References

1. Anderson S, Kraus N. Sensory-cognitive interaction in the neural encoding of speech in noise: a review. J Am Acad Audiol. 2010;21(9):575-85. doi: 10.3766/jaaa.21.9.3
2. Nabelek AK, Tucker FM, Letowski TR. Toleration of background noises: relationship with patterns of hearing aid use by elderly persons. J Speech Hear Res. 1991;34(3):679-85. doi: 10.1044/jshr.3403.679
3. Nabelek AK, Freyaldenhoven MC, Tampas JW, Burchfiel SB, Muenchen RA. Acceptable noise level as a predictor of hearing aid use. J Am Acad Audiol. 2006;17(9):626-39.
4. Nabelek AK, Tampas JW, Burchfield SB. Comparison of speech perception in background noise with acceptance of background noise in aided and unaided conditions. J Speech Lang Hear Res. 2004;47(5):1001-11. doi: 10.1044/1092-4388(2004/074)
5. Mueller HG, Weber J, Hornsby BW. The effects of digital noise reduction on the acceptance of background noise. Trends Amplif. 2006;10(2):83-93. doi: 10.1177/1084713806289553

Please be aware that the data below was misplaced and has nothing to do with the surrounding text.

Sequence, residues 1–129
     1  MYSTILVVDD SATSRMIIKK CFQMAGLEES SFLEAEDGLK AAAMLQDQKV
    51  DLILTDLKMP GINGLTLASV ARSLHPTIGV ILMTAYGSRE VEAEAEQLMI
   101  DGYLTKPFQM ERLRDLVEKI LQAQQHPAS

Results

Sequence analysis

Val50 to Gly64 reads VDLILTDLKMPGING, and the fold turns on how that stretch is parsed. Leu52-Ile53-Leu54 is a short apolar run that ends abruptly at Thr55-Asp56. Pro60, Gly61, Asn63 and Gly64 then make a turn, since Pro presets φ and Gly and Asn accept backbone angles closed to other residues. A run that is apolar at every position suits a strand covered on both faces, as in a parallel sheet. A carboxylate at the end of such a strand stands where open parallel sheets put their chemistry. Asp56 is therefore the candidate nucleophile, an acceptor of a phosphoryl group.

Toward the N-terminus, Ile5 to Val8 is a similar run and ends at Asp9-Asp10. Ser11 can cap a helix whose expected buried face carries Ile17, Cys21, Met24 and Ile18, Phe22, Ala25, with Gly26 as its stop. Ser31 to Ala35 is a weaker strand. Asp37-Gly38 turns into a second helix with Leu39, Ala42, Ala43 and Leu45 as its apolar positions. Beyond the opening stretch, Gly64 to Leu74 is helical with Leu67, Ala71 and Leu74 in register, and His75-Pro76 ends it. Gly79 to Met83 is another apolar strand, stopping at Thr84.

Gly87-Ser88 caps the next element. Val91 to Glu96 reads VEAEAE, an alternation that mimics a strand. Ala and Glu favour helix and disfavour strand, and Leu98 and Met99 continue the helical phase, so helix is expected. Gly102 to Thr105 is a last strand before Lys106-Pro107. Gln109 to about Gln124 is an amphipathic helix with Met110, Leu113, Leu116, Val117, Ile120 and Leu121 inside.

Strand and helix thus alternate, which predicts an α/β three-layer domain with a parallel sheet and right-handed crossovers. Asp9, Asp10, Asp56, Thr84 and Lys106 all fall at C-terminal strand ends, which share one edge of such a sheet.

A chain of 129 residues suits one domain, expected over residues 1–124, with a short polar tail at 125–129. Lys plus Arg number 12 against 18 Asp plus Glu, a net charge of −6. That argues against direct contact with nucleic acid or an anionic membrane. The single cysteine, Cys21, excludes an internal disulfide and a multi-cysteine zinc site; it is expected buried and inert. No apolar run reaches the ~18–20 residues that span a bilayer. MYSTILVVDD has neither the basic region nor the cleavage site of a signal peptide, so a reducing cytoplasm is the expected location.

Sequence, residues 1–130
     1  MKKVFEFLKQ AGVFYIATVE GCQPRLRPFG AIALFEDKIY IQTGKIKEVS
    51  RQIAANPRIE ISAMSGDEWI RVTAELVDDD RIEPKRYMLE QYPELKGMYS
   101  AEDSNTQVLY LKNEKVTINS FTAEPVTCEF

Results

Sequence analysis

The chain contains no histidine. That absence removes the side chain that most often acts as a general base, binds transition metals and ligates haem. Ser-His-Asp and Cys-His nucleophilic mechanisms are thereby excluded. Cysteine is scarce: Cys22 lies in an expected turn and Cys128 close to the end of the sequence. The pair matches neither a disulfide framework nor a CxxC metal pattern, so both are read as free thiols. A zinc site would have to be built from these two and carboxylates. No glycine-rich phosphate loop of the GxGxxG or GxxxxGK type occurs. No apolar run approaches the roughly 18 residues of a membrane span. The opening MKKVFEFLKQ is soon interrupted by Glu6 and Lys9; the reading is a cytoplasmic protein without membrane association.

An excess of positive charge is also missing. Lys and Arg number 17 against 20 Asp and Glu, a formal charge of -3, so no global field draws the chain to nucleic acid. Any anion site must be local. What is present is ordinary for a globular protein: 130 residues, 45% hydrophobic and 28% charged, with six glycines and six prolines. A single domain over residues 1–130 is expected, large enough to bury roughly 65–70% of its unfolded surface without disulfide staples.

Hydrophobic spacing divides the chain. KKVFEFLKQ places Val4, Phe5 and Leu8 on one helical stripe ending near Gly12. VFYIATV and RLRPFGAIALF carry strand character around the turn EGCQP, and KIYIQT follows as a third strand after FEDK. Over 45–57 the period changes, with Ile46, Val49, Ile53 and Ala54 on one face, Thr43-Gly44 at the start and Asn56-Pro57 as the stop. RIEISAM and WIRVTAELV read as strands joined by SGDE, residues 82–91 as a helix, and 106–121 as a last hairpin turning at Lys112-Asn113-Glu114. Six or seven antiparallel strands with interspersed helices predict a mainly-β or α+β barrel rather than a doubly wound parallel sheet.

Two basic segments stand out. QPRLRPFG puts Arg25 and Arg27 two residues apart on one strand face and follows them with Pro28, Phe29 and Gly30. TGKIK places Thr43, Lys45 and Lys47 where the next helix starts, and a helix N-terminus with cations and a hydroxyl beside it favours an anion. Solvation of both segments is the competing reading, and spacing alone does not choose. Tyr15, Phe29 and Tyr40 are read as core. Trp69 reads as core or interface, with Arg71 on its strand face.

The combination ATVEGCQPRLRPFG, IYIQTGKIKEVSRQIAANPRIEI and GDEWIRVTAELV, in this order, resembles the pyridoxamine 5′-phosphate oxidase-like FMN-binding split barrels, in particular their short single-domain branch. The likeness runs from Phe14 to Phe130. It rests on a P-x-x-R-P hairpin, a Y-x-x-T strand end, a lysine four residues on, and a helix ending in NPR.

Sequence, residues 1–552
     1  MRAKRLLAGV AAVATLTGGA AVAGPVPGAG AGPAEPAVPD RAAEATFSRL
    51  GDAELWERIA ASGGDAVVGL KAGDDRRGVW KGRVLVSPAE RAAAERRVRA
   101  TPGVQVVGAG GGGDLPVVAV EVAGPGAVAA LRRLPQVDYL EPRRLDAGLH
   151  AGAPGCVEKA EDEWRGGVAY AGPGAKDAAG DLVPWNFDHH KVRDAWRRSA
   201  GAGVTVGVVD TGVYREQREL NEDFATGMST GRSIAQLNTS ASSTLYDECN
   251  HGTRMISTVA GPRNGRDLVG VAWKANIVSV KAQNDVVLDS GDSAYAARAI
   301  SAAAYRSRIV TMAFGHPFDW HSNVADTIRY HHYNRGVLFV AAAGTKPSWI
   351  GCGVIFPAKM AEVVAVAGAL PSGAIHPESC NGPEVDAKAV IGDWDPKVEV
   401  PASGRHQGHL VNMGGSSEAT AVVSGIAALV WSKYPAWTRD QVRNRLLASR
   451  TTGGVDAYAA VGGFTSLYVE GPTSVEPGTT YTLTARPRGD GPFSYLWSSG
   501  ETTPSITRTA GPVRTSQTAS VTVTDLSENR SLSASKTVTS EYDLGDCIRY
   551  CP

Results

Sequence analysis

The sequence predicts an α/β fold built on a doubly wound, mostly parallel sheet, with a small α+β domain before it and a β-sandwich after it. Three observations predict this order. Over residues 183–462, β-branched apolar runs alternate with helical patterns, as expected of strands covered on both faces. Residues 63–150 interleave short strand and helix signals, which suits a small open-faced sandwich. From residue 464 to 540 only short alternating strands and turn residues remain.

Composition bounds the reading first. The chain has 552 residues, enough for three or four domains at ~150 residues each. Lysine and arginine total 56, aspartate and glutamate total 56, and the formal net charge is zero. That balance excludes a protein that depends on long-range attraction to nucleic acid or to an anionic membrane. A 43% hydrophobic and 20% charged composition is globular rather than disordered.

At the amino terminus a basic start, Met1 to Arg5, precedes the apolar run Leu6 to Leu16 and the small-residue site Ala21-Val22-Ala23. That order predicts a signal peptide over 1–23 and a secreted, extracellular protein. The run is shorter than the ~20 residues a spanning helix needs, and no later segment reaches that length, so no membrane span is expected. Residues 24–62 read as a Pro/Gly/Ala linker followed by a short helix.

6. Harkrider AW, Smith SB. Acceptable noise level, phoneme recognition in noise, and measures of auditory efferent activity. J Am Acad Audiol. 2005;16(8):530-45.
7. Harkrider AW, Tampas JW. Differences in responses from the cochleae and central nervous systems of females with low versus high acceptable noise levels. J Am Acad Audiol. 2006;17(9):667-76.
8. Jonas Brännström K, Olsen SØ. The acceptable noise level and the pure-tone audiogram. Am J Audiol. 2017;26(1):80-7. doi: 10.1044/2016_AJA-16-0033
9. Giussani C, Roux FE, Lubrano V, Gaini SM, Bello L. Review of language organisation in bilingual patients: what can we learn from direct brain mapping? Acta Neurochir (Wien). 2007;149(11):1109-16; discussion 1116. doi: 10.1007/s00701-007-1266-2
10. Wahl M, Marzinzik F, Friederici AD, Hahne A, Kupsch A, Schneider GH, et al. The human thalamus processes syntactic and semantic language violations. Neuron. 2008;59(5):695-707. doi: 10.1016/j.neuron.2008.07.011
11. Hernandez AE. Language switching in the bilingual brain: what's next? Brain Lang. 2009;109(2-3):133-40. doi: 10.1016/j.bandl.2008.12.005
12. Schlauch RS, Nelson P. Puretone evaluation. In: Katz J, Medwetsky L, Burkard R, Hood L, editors. Handbook of clinical audiology. 6th ed. Baltimore: Lippincott Williams & Wilkins; 2009. p. 30-49.